In this weeks lecture we studied remix culture and the notion of mashup and remix. Remix culture has been revolutionary through the emergence of technology, remixing music has become an interest being undertaken more frequently being apart of everyday life and being classified as, anything can be a remix. In my research I found that remix and mashup were two different things which I was astounded when I concluded my studies as I thought they were the same thing… Here’s the difference.
A mashup is a song or composition created by blending two or more pre-recorded songs, usually by overlaying the vocal track of one song seamlessly over the instrumental track of another. To the extent that such works are “transformative” of original content, they may find protection from copyright claims under the “fair use” doctrine of copyright law.
A remix is a piece of media, which has been altered from its original state by adding, removing, and/or changing pieces of the item. A song, piece of artwork, book, video, or photograph can all be remixes. The only characteristic of a remix is that it appropriates and changes other materials to create something new. There are three different types of remixes (extended, selective and reflective)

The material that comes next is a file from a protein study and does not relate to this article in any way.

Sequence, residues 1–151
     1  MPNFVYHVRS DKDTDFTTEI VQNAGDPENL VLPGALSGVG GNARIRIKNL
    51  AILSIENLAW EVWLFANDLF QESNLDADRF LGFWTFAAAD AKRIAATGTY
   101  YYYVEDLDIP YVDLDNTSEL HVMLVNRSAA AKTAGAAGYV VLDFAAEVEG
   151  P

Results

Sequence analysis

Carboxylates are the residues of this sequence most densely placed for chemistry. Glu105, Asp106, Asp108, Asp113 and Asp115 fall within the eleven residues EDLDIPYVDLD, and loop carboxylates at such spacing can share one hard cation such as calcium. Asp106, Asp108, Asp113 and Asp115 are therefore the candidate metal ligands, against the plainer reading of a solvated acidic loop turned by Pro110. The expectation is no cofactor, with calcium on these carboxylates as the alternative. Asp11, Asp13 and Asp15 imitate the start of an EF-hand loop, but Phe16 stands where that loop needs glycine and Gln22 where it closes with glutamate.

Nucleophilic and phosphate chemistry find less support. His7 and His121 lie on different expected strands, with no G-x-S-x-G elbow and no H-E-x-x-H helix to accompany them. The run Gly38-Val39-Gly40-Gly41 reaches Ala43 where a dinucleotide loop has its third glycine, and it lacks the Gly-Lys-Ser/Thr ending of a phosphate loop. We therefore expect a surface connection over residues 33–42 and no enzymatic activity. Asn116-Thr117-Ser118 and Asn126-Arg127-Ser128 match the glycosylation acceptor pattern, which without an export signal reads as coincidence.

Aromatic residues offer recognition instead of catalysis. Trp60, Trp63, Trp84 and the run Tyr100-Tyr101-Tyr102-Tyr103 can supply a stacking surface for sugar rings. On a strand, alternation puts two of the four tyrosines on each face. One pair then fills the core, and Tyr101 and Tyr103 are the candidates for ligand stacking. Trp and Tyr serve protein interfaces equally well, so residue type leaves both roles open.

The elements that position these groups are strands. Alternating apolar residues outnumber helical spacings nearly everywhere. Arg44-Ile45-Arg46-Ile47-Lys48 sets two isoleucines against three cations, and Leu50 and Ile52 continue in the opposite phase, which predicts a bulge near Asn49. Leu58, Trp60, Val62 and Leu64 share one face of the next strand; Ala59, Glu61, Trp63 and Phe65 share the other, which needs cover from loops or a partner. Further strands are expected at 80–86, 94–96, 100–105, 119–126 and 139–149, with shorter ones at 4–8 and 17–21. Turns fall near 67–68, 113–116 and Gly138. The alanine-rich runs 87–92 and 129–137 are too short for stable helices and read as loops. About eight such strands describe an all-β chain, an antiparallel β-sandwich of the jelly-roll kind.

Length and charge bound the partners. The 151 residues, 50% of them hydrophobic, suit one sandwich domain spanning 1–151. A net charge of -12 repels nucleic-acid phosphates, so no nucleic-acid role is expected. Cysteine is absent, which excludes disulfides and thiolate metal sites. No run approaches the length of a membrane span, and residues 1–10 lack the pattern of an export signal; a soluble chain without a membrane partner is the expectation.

The first remix is extended, that is a longer version of the original song containing long instrumental sections making it more mixable for the club DJ. The first known disco song to be extended to ten minutes is “Ten Percent,” by Double Exposure, remixed by Walter Gibbons in 1976
For the Selective Remix the DJ takes and adds parts to the original composition, while leaving its aura intact. Selective consists of adding or subtracting material from the original song. This is the type of remix which made DJs popular in the music industry.
it allegorizes and extends the aesthetic of sampling, where the remixed version challenges the aura of the original and claims autonomy even when it carries the name of the original; material is added or deleted, but the original tracks are largely left intact to be recognizable.
The exclusive rights of the copyright owner over acts such as reproduction/copying, communication, adaptation and performance – unless licensed openly – by their very nature reduce the ability to negotiate copyright material without permission. Therefore, mashups and remix will inevitably encounter legal problems when the whole or a substantial part of the original material has been reproduced, copied, communicated, adapted or performed – unless a permission has been given in advance.